Asserting the Archdiocese of Indianapolis made claims that are “irrelevant, inaccurate, misleading or make incorrect inferences,” the Marion Superior Court denied the church’s attempt to remove the special judge appointed to preside over the case involving the firing of a gay teacher at Cathedral High School. The judge did step aside, however, citing personal reasons.
Anniversary of equality: LGBTQ community reflects 5 years after state legalized same-sex marriage
In the five years since same-sex marriage became legal in Indiana, married same-sex couples say acceptance has grown, but some are concerned about pushback and the potential rollback of hard-won rights.Read More
The fight over a teacher at Cathedral High School who was fired for being in a same-sex marriage is highlighting a split between conservative and progressive members of the Catholic faith with several members of the Indiana legal community — including a former 7th Circuit Court of Appeals Judge and an Indiana attorney prominent in Republican politics — now adding their voices in opposition to the Archdiocese of Indianapolis.
A lawsuit challenging Indiana’s controversial Religious Freedom Restoration Act will not proceed, for now, after the Indiana Court of Appeals declined to reverse summary judgment for four cities with nondiscrimination ordinances. The appellate panel found that the conservative organizations challenging the RFRA “fix” lacked standing to challenge the ordinances on free speech and religious exercise grounds.
Anyone younger than 18 will need a judge’s permission to get married in Indiana under a law change approved by state legislators. The measure endorsed almost unanimously by lawmakers would repeal the state’s current law that allows those as young as 15 to marry if they have parental consent.
Anyone younger than 18 will need a judge’s permission in order to get married in Indiana under a law change approved by state legislators.
Three traditional-marriage organizations challenging the amendment to Indiana’s controversial Religious Freedom Restoration Act are asking the Indiana Court of Appeals for relief, asserting they have standing to sue four cities that have enacted anti-discrimination ordinances.
After a settlement conference was unsuccessful, oral arguments have been rescheduled for Tuesday in the case involving the former teacher at Cathedral Catholic High School in Indianapolis who was fired for being in a same-sex marriage.
The U.S. Supreme Court said Monday it will hear a dispute over a Philadelphia Catholic agency that won’t place foster children with same-sex couples, a big test of religious rights on a more conservative court.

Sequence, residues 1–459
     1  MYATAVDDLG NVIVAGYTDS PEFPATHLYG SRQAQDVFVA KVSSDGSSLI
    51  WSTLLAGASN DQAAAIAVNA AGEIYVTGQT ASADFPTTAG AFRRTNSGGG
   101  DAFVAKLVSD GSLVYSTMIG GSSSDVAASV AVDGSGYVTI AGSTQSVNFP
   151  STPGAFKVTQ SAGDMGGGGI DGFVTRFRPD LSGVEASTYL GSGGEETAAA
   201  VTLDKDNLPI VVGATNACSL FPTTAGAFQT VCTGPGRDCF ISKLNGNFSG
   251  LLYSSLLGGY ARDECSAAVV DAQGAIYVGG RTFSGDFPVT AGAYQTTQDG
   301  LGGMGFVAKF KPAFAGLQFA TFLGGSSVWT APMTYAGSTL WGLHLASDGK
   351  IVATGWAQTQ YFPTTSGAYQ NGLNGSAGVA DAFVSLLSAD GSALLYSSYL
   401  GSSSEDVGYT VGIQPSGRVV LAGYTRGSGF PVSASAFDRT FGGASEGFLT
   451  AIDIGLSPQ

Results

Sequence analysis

In a cruel twist, Crystal and Noell Allen discovered even though Indiana prohibited them from being listed as parents on their twins’ birth certificates, the state did allow both mothers to be identified as parents on the babies’ death certificates. The couple prevailed in court, but their battle to be legally recognized as parents — along with other women in same-sex marriages — may not be over.
A potential fight over whether to repeal Indiana’s obsolete ban on same-sex marriages has sidetracked a widely supported proposal to raise the state’s minimum age for getting married.
A former guidance counselor at an Indianapolis Catholic high school who was fired for being in a same-sex marriage is suing the school and the archdiocese — the second such lawsuit filed by an employee who was fired for the same reason.
A seemingly divided Supreme Court struggled Tuesday over whether a landmark civil rights law protects LGBT people from discrimination in employment, with one conservative justice wondering if the court should take heed of “massive social upheaval” that could follow a ruling in their favor.
The US Supreme Court is set to hear arguments in two of the term’s most closely watched cases over whether federal civil rights law protects LGBT people from job discrimination.
Nearly five years after Indiana’s controversial Religious Freedom Restoration Act was signed into law, a lawsuit alleging subsequent amendments to the act infringe on religious rights went before a Hamilton County judge Thursday.
Conservative religious groups are arguing their constitutional rights were violated by limits that were placed on Indiana’s contentious religious objections law signed in 2015 by then-Gov. Mike Pence.
A second teacher is suing the Archdiocese of Indianapolis, claiming she was subjected to a hostile work environment and discrimination because she is a lesbian and married to another woman.
The teacher fired from Cathedral High School for being in a same-sex marriage sued the Archdiocese of Indianapolis in Marion Superior Court on Wednesday, alleging the church leadership illegally interfered with his contractual and employment relationship with the high school, which led to his termination June 23.
The Supreme Court is throwing out an Oregon court ruling against bakers who refused to make a wedding cake for a same-sex couple. The justices’ action Monday keeps the high-profile case off the court’s election-year calendar and orders state judges to take a new look at the dispute between the lesbian couple and the owners of a now-closed bakery in the Portland area.
Both Jackie Phillips-Stackman and her wife, Lisa, carry copies of their daughter’s birth certificate with them wherever they go as they wait for the 7th Circuit Court of Appeals to issue an opinion that they fear could upend their family.